The Seattle Associations of Black Student Unions was founded by African American students at the University of Washington (UW) in 1968, the UW’s Black Student Union’s (BSU) leaders—E.J Brisker, Larry Gossett, and Carl Miller— formed what one historian has called “the nucleus of Black Power in Seattle throughout its height.”
Two BSU-led sit-ins in 1968 helped black power politics catch fire in Seattle: one at Franklin High School in March, and another at the University of Washington in May. During this time, the UW BSU organized Seattle high school and middle school students to advocate for black student rights and power in public education through an umbrella group, the Seattle Association of Black Student Unions (SABSU).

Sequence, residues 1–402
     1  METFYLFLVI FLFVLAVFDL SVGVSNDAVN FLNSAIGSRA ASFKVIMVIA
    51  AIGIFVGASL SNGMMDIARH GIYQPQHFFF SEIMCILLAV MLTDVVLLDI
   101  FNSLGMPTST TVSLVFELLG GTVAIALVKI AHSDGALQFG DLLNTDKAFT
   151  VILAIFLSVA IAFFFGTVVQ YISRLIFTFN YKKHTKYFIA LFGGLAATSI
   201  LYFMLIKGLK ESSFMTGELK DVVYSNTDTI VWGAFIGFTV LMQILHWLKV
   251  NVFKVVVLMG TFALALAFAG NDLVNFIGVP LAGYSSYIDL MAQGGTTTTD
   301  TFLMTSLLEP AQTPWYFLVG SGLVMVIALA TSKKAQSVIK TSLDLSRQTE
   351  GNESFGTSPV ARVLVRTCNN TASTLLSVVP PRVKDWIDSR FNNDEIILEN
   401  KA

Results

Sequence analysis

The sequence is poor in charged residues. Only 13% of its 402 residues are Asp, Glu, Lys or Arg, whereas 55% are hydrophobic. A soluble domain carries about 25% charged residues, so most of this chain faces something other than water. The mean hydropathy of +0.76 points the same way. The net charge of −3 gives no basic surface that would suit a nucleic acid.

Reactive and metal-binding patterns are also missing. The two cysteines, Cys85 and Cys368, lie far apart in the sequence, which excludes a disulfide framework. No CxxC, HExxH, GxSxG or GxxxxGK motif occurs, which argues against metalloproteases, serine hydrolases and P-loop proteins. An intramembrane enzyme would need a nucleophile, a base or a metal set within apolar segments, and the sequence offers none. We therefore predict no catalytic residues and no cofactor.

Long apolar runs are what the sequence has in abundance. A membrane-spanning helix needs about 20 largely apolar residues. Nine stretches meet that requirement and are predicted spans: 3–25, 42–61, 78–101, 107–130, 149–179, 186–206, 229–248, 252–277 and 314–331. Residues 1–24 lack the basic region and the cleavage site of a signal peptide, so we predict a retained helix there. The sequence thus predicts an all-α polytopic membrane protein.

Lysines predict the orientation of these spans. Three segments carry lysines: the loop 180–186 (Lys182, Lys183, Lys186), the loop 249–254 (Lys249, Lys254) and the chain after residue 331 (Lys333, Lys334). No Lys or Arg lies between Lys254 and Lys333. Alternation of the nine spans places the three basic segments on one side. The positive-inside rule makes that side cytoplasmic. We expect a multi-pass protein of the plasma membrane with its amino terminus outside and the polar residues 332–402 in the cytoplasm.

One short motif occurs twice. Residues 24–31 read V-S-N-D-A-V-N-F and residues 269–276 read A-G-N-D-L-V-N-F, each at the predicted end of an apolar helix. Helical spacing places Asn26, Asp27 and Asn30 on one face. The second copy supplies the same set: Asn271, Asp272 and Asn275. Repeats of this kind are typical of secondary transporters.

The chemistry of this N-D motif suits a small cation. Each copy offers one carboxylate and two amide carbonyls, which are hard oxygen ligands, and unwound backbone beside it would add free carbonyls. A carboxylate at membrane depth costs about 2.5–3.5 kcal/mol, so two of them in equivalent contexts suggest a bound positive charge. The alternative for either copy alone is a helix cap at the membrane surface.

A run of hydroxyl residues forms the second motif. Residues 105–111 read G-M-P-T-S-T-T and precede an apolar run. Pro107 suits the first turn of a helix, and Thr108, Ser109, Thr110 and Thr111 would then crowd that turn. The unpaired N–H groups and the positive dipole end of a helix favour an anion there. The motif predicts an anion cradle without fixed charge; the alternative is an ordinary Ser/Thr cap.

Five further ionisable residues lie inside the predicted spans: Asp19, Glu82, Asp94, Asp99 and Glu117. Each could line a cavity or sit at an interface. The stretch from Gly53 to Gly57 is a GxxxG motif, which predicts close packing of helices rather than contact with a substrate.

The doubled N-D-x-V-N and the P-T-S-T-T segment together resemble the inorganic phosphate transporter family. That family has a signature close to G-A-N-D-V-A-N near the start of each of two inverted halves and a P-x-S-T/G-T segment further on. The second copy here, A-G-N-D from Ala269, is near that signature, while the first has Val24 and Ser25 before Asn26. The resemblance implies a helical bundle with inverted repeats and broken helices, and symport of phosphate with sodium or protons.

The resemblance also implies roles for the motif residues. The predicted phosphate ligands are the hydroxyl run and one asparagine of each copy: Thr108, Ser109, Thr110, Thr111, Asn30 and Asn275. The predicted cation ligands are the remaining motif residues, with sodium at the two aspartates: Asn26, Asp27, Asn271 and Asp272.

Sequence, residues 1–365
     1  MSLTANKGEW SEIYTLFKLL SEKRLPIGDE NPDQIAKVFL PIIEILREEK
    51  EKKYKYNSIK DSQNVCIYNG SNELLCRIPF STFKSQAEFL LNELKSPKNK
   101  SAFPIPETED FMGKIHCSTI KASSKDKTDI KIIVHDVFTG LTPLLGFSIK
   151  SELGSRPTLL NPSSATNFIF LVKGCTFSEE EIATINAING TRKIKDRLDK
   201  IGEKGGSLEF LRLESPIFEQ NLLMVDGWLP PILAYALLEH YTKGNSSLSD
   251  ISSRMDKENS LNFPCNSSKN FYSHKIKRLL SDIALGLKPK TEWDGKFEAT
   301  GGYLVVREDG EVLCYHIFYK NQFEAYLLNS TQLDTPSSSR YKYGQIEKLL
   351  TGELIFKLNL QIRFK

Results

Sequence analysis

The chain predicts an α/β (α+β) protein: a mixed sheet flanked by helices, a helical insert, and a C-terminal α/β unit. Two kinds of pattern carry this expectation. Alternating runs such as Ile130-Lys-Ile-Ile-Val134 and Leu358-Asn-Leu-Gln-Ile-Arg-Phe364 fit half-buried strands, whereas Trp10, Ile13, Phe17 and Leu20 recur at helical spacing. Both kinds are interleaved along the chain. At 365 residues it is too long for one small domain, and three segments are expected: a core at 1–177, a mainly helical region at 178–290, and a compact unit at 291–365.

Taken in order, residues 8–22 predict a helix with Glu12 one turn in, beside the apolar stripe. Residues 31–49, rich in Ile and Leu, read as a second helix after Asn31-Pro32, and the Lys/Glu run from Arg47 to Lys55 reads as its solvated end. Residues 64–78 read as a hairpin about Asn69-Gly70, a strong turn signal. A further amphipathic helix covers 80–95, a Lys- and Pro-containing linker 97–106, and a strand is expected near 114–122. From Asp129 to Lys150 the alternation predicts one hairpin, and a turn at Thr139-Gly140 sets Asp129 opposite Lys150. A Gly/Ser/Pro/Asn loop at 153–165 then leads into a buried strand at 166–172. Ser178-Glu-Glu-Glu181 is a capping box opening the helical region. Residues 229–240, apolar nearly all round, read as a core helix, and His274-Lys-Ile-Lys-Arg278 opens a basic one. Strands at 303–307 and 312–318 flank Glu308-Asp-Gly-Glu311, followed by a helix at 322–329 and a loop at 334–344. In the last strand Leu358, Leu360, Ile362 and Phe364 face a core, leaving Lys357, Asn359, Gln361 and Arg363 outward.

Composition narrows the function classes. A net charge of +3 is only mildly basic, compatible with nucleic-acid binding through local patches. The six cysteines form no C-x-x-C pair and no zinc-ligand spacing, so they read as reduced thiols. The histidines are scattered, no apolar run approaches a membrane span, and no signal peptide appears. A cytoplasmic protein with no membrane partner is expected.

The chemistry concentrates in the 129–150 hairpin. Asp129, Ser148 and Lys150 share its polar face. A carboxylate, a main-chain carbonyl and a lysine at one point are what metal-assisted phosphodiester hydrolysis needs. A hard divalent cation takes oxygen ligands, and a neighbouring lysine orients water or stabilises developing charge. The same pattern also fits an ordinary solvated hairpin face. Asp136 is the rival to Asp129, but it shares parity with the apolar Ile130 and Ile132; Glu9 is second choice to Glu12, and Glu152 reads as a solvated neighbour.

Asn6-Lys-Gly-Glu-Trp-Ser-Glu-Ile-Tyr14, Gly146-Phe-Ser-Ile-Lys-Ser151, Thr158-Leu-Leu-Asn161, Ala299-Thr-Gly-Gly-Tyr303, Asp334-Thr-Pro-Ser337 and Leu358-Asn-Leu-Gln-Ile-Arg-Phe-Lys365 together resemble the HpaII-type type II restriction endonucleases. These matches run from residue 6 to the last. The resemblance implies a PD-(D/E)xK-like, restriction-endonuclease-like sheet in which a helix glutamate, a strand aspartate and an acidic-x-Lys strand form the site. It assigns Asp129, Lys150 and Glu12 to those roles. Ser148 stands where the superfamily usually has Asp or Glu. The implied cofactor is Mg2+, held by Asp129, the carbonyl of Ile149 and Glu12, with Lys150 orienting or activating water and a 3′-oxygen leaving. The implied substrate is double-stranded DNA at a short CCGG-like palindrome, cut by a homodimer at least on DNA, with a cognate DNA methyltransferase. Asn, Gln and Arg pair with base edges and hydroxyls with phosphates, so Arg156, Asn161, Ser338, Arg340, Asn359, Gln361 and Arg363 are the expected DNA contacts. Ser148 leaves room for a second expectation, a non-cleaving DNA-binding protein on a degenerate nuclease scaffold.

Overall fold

The UW BSU’s largest action involved the occupation of 5 UW buildings by as many as 1000 protesters in the spring of 1970 to protest the UW’s academic and athletic interactions with Brigham Young University. By the early 1970s, much of the SABSU coalition, especially in the high schools, had faded, but the BSU has continued to this day.